MYLAPORE FINE ARTS
A veritable feast
ENDOWED WITH a melodious voice, Savita Narasimhan, disciple of Chitravina Ravikiran, gave a scintillating performance, at the Mylapore Fine Arts Club auditorium. Disciplined rendition, utmost commitment to sruti and diction blended with imagination, were the highlights of Savita's concert.
She made a bright start with "Raghunayaka" (Hamsadhwani) and strung it with smooth and elegant patterns of kalpanaswaras and followed it with the rarely heard "Raka Shashi Vadana" (Dakka) and "Muruga Tirumal Maruha" (Harikamboji), which she rendered with finesse. The delineation of Poorvikalyani alapana, which came next, was packed with rich and aesthetic sancharas that brought her creativity to the fore. "Padmavati Ramanam," a masterpiece of Oottukkadu Venkata Kavi, composed as a tribute to Jayadeva, was rendered with ιlan. The main raga was Todi and Savita did full justice to its grandeur. Her choice of Tyagaraja's "Dachukovalena" was refreshing and she presented it with a touch of class.
Young violinist Charumathy Raghuraman's musical maturity was evident in her refined raga alapanas. Manikandan (mridangam) enriched the concert with soothing accompaniment.
Threatening to be a noisy affair initially, the concert of the Malladi Brothers gradually calmed down with the rendition of "Chanitoditeve" (Harikamboji), a kriti not often heard in recent times. The melodic improvisations were pregnant with soulful phrases. The elaboration of Saraswati ("Anuragamule") and Bhairavi ("Upacharamulanu") had their own distinct stamp.
The neraval and swaras in both songs were impressive. But, more often than not, some of the phrases that were intended as touches, that were meant to add value to the raga, fell flat due to lack of clarity and precision in execution. "Nenarunchinanu" (Malavi) was rendered at breakneck speed and the voices were completely drowned. The brothers next executed an interesting ragam tanam pallavi in Sahana in Khanda triputa (tisra gati).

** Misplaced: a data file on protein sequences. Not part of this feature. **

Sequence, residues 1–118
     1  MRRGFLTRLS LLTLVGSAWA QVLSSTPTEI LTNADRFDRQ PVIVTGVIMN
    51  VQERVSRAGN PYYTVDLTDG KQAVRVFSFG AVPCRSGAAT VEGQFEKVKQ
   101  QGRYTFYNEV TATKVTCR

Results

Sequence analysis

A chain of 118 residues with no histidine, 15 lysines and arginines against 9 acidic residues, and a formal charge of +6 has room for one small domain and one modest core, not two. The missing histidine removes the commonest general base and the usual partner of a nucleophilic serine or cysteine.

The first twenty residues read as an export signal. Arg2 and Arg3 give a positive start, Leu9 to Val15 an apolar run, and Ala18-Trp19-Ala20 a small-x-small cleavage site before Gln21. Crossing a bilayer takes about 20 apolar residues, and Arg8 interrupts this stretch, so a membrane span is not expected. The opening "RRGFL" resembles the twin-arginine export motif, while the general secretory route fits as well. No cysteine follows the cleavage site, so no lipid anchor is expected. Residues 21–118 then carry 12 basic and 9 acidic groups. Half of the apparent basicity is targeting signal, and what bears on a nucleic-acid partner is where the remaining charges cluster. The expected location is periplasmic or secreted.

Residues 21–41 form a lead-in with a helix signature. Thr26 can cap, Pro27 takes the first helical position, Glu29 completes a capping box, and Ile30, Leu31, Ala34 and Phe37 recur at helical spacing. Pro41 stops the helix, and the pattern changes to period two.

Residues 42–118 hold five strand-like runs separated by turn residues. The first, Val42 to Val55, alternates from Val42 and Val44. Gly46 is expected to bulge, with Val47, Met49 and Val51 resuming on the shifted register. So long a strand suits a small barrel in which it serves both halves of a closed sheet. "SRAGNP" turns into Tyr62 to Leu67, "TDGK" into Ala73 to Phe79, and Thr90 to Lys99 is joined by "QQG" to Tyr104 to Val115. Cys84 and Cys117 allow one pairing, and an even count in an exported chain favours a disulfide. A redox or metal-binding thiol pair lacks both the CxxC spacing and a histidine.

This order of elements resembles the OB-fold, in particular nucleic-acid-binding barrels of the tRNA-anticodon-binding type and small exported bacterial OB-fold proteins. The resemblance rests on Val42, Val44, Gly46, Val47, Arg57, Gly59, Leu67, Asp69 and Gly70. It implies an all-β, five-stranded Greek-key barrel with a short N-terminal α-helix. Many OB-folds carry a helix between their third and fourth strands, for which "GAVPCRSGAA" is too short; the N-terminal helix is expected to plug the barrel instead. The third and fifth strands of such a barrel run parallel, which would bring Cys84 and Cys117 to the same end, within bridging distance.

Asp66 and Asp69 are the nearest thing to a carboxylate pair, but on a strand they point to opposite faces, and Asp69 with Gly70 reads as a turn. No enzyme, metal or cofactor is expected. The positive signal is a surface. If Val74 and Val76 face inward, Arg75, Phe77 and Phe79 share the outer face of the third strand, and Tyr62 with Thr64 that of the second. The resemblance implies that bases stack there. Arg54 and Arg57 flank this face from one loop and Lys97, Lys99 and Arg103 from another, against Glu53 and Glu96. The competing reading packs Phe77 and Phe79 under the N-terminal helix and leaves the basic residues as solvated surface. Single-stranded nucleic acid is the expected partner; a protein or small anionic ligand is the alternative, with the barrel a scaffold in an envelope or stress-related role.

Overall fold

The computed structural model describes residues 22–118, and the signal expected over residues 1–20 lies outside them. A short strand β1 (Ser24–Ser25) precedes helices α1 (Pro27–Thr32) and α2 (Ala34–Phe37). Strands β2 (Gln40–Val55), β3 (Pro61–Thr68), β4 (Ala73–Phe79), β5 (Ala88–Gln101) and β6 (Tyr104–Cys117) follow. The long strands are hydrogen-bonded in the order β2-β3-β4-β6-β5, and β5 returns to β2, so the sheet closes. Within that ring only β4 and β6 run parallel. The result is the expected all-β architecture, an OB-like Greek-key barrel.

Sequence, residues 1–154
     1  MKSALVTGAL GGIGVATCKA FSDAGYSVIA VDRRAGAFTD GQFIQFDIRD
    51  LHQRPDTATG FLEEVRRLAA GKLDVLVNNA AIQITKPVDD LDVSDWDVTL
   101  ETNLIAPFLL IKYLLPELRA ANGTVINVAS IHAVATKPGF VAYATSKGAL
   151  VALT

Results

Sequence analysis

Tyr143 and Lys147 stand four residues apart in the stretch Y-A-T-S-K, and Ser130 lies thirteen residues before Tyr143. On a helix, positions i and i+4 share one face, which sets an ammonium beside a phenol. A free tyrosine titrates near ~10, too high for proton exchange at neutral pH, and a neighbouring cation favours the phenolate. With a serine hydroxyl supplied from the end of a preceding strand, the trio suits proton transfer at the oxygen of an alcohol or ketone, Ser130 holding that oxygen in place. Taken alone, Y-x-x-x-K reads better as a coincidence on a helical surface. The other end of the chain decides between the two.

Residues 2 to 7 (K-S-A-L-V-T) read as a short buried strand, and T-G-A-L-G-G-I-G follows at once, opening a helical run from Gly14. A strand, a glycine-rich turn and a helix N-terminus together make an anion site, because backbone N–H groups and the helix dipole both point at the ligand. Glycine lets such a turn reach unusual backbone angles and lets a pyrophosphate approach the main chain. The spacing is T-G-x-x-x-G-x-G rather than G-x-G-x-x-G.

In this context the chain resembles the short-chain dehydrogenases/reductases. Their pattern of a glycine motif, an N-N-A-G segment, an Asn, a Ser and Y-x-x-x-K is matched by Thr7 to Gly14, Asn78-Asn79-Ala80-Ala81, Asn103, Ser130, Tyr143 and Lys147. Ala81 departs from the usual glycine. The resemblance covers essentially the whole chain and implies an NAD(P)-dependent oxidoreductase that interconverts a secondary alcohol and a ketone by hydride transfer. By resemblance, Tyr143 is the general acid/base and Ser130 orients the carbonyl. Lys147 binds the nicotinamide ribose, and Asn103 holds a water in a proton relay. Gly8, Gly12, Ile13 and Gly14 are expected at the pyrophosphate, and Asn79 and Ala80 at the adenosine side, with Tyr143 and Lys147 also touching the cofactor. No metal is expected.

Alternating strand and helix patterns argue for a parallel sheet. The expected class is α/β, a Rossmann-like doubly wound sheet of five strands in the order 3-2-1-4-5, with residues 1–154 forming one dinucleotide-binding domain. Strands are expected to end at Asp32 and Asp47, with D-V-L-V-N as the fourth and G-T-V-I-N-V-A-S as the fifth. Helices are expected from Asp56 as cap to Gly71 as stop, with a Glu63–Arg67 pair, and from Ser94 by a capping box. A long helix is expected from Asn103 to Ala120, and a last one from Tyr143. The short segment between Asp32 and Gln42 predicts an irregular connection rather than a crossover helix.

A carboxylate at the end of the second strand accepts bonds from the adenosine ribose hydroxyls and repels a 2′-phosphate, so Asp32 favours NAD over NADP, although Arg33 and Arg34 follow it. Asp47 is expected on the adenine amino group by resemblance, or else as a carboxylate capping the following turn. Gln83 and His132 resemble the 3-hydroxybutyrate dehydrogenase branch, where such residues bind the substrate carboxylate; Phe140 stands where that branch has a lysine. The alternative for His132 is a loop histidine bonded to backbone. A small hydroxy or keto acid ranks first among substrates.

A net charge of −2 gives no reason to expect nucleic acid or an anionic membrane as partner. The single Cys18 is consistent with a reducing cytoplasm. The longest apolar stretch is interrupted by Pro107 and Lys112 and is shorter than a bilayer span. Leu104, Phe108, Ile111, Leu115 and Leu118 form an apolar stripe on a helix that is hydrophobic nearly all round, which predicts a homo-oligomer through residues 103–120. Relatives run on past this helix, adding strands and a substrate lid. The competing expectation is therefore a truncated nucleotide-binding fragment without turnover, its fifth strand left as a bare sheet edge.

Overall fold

M. A. Sundareswaran, normally a very able violinist, attempted to match the vocalists, phrase for phrase, and though he succeeded often, he generated a very harsh and scratchy tone at times. Umaiyalpuram Sivaraman, the legendary mridangist, encouraged the duo with subtle and tuneful touches and finishes. He was complemented by E. M. Subramaniam on the ghatam.
Lacking in depth
Bhushany Kalyanaraman, a senior representative of the GNB bani, gave a lacklustre concert with too many slips in sruti. While this could be attributed to lack of form on the day in question, what baffled one was the number of times she missed her tala.
Malladi Brothers, Sreeram Prasad and Ravikumar
Her raga expositions of Amritavarshini ("Sudhamayee"), Chandrajyoti ("Bagayanayya"), Madhyamavati ("Ramakatha") and Sankarabharanam ("Mahalakshmi") were merely a run of sancharas. Her neraval in Madhyamavati was the high point in the concert.
Tamil compositions seemed to be the order of the day and many popular kritis such as "Sabapatikku" (Abhogi), "Thayae Tripurasundari" (Shuddhasaveri), "Kalai Thookki" (Yadukulakambodhi) and "Mal Maruha" (Vasanta) were rendered. Pakkala Ramdass (violin) faithfully went along with the vocalist. Palladam Ravi (mridangam) and H. Sivaramakrishnan (ghatam) provided brisk and energetic accompaniment. B. B
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